On Sept. 15, Hetherington took to social media with a heartbreaking story of missing his lifelong dream to see Beyoncé perform live. Despite securing a coveted ticket to her highly anticipated tour in Seattle and paying a small fortune to attend, he never even made it to the city in time.
When it was time to board his flight, “ableism [struck] again.” Every flight and airline turned away Hetherington, who has cerebral palsy, due to the size of his wheelchair.
“Well, I guess I’m not going to Seattle and I’m not seeing Beyoncé. Got to the airport to take my flight, and my chair is apparently four inches too tall to be loaded onto the plane. So they checked every possible flight, every airline,” he explained.
“So after 25 years of waiting, I’m not seeing Beyoncé tonight. So ableism strikes again.”
According to Revolt, the height requirement for wheelchairs was “unspecified,” leaving countless others to possibly face the same costly ableism. Hetherington’s story went viral, racking up nearly 20 million views on X (formerly Twitter) alone.
The next day, he thanked everyone for the overwhelming support on his Instagram Stories. The BeyHive showed up and showed out for him, offering their tickets to the few remaining shows.
The internet hoped Beyoncé’s team would right the airlines’ wrongs after her publicist, Yvette Noel-Schure, followed him on Instagram. The Queen ensured her devastated fan got a one-of-a-kind experience.
Check out Beyoncé and Tina Knowles blessing Jon Hetherington with a backstage meet and greet after the flip!
Beyoncé Rolls Out The Chrome Carpet For Jon Hetherington At Dallas Renaissance Concert: “BeyHive You Made This Happen”
Ableist airlines may have delayed Jon Hetherington’s dream of seeing Renaissance, but Beyoncé and the hive ensured it wasn’t denied. A week after the 34-year-old couldn’t even board a plane to see her, he got a VIP experience better than anything he imagined. On Sept. 21, he finally made it to the see the legend perform live in Dallas.
The newly famous fan revealed the good news on an Instagram post. In addition to thanking the BeyHive who “made this happen,” he honored queer icons and hate crime victim O’Shae Sibley.
“For the past, for Marsha, James, and Bayard. For the present, for O’Shae. For those who are becoming in a time that has yet to exist. We partied, we sang, we danced… HARD,” he rejoiced.
“Beyhive, you made this happen, you pushed and tagged like the internet has never seen. Tonight, for the first time ever, I had a seat on the floor for a concert. Welcome to the RENAISSANCE.”
— iAM_ddcmoore (@dcdmoore) September 22, 2023
The incredible night didn’t end with finally seeing Beyoncé perform in Dallas. Hetherington got the VIP treatment to meet the Queen herself and Tina Knowles backstage. Despite posting that “There are some things I’ll keep for myself,” he shared a super sweet selfie with Mama Tina.
“There is much that I will say in the coming days about what tonight means to me. There are some things I’ll keep for myself. Truly an honor to meet you, @mstinaknowles! Thank you for all that you’ve done and given the world. We’re so grateful,” he wrote.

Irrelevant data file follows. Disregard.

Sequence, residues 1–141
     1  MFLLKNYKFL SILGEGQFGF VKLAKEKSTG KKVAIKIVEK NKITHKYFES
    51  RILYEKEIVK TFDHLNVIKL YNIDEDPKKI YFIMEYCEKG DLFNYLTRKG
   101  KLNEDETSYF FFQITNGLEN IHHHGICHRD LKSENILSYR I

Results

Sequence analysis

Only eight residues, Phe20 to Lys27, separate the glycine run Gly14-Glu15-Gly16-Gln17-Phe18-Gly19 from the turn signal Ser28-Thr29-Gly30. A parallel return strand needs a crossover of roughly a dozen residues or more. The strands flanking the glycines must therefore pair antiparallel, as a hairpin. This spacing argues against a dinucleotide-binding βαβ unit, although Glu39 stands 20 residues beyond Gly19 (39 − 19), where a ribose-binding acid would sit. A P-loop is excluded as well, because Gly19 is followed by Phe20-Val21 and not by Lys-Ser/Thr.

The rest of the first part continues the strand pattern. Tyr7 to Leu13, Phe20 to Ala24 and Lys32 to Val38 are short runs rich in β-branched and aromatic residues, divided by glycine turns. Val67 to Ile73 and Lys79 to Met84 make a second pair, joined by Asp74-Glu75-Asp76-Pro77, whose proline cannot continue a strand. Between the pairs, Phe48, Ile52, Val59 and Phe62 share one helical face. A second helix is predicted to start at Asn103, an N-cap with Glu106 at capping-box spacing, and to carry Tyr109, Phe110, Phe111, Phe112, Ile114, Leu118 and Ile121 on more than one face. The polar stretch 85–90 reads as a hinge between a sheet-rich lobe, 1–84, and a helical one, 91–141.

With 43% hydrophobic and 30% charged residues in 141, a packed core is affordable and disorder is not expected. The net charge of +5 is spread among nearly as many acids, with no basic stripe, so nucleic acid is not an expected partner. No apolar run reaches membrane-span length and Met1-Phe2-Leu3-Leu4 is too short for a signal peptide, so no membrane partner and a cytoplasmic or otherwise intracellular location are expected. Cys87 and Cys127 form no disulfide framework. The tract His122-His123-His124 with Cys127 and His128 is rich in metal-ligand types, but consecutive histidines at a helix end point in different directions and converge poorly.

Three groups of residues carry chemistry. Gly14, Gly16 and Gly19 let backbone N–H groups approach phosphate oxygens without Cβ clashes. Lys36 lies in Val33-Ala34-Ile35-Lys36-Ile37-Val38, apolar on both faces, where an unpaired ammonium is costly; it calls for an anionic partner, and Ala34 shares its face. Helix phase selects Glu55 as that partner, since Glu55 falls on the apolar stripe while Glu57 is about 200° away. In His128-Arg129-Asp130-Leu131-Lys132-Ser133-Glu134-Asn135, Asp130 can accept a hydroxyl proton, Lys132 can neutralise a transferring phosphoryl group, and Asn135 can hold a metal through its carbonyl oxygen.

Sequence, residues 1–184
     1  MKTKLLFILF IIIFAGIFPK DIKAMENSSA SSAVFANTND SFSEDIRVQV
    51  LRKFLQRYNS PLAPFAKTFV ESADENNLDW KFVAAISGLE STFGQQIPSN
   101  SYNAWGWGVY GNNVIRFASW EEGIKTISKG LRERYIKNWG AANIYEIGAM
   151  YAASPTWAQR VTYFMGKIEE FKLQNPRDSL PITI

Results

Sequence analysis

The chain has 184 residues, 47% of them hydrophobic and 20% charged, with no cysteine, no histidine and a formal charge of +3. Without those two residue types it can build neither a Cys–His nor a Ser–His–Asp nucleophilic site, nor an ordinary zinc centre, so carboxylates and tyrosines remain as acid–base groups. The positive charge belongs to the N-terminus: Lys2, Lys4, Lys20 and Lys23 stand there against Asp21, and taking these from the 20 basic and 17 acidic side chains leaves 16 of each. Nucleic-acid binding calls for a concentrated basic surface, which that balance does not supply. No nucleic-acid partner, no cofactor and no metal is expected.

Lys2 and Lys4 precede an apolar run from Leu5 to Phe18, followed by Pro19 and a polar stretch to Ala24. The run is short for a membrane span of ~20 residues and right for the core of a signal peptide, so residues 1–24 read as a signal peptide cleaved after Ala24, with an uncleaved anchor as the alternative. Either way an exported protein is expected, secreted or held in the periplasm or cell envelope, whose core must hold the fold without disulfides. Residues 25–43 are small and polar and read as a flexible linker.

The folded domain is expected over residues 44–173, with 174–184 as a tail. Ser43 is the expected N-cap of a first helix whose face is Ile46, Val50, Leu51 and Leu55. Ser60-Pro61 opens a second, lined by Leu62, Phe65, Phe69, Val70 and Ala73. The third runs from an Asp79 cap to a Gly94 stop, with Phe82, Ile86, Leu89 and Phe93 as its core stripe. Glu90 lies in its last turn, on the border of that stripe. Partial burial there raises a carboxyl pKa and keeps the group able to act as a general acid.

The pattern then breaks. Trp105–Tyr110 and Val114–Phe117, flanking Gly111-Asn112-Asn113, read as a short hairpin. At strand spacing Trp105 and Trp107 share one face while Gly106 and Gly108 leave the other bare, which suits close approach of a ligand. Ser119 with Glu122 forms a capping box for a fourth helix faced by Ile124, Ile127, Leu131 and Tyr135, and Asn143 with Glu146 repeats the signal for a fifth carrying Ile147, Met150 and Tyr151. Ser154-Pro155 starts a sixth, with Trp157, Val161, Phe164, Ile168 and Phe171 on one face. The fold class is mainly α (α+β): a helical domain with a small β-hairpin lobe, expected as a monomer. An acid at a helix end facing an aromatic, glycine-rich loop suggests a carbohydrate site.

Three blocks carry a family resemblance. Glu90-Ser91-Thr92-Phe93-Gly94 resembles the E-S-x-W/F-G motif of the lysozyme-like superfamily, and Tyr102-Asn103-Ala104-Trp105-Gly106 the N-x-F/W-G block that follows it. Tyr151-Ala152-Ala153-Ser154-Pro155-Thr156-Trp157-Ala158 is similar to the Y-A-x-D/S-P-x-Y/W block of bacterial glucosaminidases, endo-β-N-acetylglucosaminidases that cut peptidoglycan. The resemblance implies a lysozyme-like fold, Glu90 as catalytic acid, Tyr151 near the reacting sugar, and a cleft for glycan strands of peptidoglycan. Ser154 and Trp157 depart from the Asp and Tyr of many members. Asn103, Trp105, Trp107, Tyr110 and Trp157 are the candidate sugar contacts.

“To the Queen herself, @beyonce, I will treasure those words you said and the hugs you gave. I meant every word I said. No, for anyone and everyone reading this, I will not ever share with you what was said to me, don’t even try it. That moment is between the two of us.”
While Beyoncé and the BeyHive blessed Hetherington with a happy ending, he used his platform to shine a light on the larger issue of ableism. Unfortunately, ableism is so rampant in our society that most people don’t see it or the disabled people it harms every day.
In a TikTok about his interview with Insider, Hetherington emphasized that the real problem is bigger than him or one flight. “It’s a systemic issue,” he explained.
“It’s not just about me. It’s not about me at all, actually. It’s about ableism and the existence of disabled people in society,” he explained on TikTok.
Even when wheelchairs and other mobility aids fit on flights, airlines still regularly fail disabled people. Several wheelchair users land only to find their lifeline for navigating the world is damaged or completely broken. There is often little or no hope that airlines will replace the customized medical equipment that can cost tens of thousands of dollars.
Hi @SAS, this is the 2nd time you’ve broken my wheelchair on arrival at @CPHAirports. Every person I spoke to from check-in to landing promised it would be at the gate. Instead I found it in pieces and incomplete at the baggage claim.
This is my freedom you’ve treated callously. pic.twitter.com/Z1SDgNAWWf
— Iro (@ItReachesOut) September 2, 2023
— Teresa N (@teresa_nguyen_) September 21, 2023
“I’ve always said unless you yourself are disabled or you directly know somebody that you are very close to, it’s always out of sight, out of mind. We might as well be invisible until society wants us to be an inspiration, until there’s like some feel-good story that able-bodied people can read and make themselves feel better. We never think about the day-to-day challenges. I don’t get to have that luxury. I never have,” Jon told Insider.
Hopefully, his story will inspire meaningful change for including and accommodating people with disabilities. As another wave of COVID surges and increases millions of people’s risk of disability, this is more urgent than ever for all of us.